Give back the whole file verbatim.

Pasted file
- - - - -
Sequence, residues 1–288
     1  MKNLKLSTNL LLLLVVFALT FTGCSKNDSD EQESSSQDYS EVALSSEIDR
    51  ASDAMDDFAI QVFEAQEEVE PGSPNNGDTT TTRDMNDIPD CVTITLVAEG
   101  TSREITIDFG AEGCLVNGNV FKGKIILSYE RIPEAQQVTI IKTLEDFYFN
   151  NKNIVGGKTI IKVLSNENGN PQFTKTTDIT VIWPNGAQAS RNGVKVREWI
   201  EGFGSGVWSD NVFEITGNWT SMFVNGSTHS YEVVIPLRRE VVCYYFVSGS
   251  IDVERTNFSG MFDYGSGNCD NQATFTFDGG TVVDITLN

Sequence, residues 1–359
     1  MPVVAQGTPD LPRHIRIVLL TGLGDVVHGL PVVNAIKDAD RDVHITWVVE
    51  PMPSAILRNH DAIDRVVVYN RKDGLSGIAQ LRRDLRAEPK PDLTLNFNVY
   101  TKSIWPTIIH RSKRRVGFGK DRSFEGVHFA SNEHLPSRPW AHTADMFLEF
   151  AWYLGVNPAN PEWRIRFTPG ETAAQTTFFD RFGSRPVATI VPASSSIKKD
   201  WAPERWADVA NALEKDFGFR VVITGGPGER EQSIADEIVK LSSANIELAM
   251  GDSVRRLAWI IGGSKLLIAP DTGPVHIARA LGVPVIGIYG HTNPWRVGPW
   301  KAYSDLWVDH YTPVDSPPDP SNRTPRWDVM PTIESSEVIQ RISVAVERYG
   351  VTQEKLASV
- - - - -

Sequence, residues 1–288
     1  MKNLKLSTNL LLLLVVFALT FTGCSKNDSD EQESSSQDYS EVALSSEIDR
    51  ASDAMDDFAI QVFEAQEEVE PGSPNNGDTT TTRDMNDIPD CVTITLVAEG
   101  TSREITIDFG AEGCLVNGNV FKGKIILSYE RIPEAQQVTI IKTLEDFYFN
   151  NKNIVGGKTI IKVLSNENGN PQFTKTTDIT VIWPNGAQAS RNGVKVREWI
   201  EGFGSGVWSD NVFEITGNWT SMFVNGSTHS YEVVIPLRRE VVCYYFVSGS
   251  IDVERTNFSG MFDYGSGNCD NQATFTFDGG TVVDITLN

Sequence, residues 1–359
     1  MPVVAQGTPD LPRHIRIVLL TGLGDVVHGL PVVNAIKDAD RDVHITWVVE
    51  PMPSAILRNH DAIDRVVVYN RKDGLSGIAQ LRRDLRAEPK PDLTLNFNVY
   101  TKSIWPTIIH RSKRRVGFGK DRSFEGVHFA SNEHLPSRPW AHTADMFLEF
   151  AWYLGVNPAN PEWRIRFTPG ETAAQTTFFD RFGSRPVATI VPASSSIKKD
   201  WAPERWADVA NALEKDFGFR VVITGGPGER EQSIADEIVK LSSANIELAM
   251  GDSVRRLAWI IGGSKLLIAP DTGPVHIARA LGVPVIGIYG HTNPWRVGPW
   301  KAYSDLWVDH YTPVDSPPDP SNRTPRWDVM PTIESSEVIQ RISVAVERYG
   351  VTQEKLASV